Antigua & Barbuda | 2002
“When you play Warri with God, you get no seed.” Antiguan Proverb. Grace Valentine is a woman struggling to keep her personal and professional life from crumbling while her colleagues conspire against her.
Set on the fictional island of St. Mark, No Seed explores the behind-the-scenes nuances of Caribbean politics. The film also highlights cultural mores, including the game of Warri, which is used metaphorically to underscore the faith of its characters.
In 2001, HAMAFilms became the first indigenous company in the Eastern Caribbean to produce a feature length film with the release of “The Sweetest Mango” a romantic comedy. This was followed immediately in 2002, with their second film “No Seed” a political drama. Another film, “Diablesse” based on Caribbean Folklore was released in 2005. Released on June 2nd, 2011, is HAMA’s fourth film, “The Skin” a supernatural thriller based on Caribbean Mythology.
Howard Allen is a film and television director/producer and the founder of HAMA Productions. While his career in television spans more than 30 years, he made his feature film directorial debut in 2001 with the release of The Sweetest Mango a romantic comedy based on how he and his wife met and fell in love.
The Sweetest Mango became Antigua and Barbuda’s first locally produced feature film and the first indigenous film for the Eastern Caribbean. It has become an iconic film that is still being screened after appearing at several film festivals in North America and the Caribbean and made its world- television premiere on Caribvision in via DirecTV. It is now archived at the Toronto International Film Festival Bell Lightbox Reference Library.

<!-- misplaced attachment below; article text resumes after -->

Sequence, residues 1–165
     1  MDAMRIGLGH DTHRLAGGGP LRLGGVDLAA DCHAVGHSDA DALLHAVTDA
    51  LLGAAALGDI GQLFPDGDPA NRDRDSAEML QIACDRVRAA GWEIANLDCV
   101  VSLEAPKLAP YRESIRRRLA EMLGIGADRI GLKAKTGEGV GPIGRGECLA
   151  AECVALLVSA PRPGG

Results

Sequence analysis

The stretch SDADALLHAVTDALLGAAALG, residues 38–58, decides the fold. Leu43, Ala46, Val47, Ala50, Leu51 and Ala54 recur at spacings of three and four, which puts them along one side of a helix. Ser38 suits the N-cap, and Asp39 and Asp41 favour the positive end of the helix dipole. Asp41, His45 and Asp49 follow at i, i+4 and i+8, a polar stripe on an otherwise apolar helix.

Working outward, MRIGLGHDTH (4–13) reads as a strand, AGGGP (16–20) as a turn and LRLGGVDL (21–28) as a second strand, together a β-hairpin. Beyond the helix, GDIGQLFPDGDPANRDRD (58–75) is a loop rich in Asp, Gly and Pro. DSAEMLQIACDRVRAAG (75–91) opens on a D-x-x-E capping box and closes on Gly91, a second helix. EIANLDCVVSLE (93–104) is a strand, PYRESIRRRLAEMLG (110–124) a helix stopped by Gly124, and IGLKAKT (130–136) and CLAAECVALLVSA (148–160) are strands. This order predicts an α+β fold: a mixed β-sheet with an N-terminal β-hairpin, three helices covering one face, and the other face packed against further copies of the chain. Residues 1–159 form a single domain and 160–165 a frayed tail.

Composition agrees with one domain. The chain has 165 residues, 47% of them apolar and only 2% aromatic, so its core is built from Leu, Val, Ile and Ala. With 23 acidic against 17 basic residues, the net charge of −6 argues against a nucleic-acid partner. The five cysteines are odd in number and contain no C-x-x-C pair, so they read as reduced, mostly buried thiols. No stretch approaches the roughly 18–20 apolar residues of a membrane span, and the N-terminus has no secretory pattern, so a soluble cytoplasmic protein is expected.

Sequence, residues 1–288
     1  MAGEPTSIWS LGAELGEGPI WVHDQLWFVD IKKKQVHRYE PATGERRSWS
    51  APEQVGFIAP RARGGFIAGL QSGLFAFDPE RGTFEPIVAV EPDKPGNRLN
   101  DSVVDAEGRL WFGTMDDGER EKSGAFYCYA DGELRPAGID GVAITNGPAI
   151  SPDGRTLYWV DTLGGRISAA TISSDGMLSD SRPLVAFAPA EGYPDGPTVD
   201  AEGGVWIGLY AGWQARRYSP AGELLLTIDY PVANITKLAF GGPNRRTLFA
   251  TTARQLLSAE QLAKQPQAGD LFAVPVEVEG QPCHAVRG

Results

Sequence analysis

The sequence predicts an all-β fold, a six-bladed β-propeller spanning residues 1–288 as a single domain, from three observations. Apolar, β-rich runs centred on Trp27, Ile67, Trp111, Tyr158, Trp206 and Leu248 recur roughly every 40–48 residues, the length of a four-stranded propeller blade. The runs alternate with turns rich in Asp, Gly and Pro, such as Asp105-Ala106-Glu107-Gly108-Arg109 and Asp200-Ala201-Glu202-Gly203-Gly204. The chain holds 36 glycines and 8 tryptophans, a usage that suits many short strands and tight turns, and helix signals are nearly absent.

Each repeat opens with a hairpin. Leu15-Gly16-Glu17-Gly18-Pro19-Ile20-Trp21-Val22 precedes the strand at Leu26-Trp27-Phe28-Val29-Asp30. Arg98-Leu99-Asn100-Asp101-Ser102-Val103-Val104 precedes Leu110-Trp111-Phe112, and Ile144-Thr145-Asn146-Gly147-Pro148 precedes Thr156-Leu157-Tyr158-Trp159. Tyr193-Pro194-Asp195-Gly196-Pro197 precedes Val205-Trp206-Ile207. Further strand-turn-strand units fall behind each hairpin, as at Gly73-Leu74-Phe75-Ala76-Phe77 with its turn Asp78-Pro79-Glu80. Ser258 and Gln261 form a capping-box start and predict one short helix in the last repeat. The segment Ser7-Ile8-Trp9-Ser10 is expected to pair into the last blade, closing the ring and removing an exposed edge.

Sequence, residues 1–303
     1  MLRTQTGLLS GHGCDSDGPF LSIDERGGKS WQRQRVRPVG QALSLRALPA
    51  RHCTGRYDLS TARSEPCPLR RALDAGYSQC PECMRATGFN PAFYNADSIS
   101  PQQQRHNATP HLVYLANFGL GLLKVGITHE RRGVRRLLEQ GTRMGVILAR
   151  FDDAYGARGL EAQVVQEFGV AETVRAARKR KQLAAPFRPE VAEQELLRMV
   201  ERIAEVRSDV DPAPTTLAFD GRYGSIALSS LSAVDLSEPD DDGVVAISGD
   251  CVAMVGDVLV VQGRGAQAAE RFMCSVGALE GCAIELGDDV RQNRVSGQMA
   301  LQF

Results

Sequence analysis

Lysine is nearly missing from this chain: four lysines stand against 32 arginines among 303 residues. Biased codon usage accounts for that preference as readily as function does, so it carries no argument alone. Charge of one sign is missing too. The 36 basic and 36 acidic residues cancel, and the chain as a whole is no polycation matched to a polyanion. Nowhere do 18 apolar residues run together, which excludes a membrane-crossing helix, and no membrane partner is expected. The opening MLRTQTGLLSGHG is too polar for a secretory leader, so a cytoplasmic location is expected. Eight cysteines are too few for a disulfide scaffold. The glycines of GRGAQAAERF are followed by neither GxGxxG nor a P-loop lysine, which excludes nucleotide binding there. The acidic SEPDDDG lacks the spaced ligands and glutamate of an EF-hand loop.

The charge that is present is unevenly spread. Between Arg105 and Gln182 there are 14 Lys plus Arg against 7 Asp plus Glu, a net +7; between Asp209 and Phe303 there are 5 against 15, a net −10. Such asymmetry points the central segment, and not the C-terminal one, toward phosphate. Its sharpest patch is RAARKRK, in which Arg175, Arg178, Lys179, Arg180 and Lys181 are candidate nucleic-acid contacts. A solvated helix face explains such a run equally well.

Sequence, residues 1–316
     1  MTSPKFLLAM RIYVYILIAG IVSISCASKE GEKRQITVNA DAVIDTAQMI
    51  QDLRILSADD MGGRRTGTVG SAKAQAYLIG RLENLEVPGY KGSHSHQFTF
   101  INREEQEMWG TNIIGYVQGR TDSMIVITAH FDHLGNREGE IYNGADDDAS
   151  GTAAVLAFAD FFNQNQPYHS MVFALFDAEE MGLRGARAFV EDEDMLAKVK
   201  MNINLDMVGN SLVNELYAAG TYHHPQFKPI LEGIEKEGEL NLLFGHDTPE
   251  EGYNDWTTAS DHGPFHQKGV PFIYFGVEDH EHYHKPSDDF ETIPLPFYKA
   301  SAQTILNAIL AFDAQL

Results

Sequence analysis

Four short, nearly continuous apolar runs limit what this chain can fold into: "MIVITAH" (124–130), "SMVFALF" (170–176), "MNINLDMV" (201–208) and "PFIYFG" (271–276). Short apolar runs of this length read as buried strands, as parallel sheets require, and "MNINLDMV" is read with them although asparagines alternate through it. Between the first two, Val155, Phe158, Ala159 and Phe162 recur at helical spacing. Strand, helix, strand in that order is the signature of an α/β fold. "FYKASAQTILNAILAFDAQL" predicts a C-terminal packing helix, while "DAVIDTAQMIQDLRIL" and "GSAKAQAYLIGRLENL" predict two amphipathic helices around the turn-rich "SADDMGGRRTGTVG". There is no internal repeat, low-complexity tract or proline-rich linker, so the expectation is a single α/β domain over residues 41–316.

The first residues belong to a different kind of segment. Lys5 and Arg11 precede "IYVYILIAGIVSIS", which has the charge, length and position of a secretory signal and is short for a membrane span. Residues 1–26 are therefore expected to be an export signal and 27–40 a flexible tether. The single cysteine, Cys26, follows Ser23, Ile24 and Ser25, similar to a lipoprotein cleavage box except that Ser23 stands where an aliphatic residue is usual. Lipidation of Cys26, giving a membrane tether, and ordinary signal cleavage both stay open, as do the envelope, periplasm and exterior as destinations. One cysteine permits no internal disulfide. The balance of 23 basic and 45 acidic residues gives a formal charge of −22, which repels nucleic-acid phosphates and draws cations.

Howard’s directorial credits also include No Seed (2002) a drama and Diablesse (2005), Caribbean folklore. He wrote the screenplay for his fourth film The Skin (2011) a supernatural thriller starring Jamaican film icon Carl Bradshaw.
Howard’s work as a filmmaker has been singled out by the department of Cinema and Photography at Ithaca College in New York, for his innovative approach to filmmaking in a developing country. He has conducted master classes at Ithaca College on “Feature Filmmaking on a Shoestring Budget.”
He has also conducted UNICEF funded television production workshops for the Youth Department in Antigua and has worked closely with regional organizations training young people in television and film production.
In 2008 Howard was recognized by the Youth Department in the Ministry of Education with a “Young Pioneers” award for his inspiring work as a pioneer in filmmaking in Antigua & Barbuda.
Howard hopes by building a cadre of future film industry professionals, filmmaking will become an important part of Caribbean cultural expression.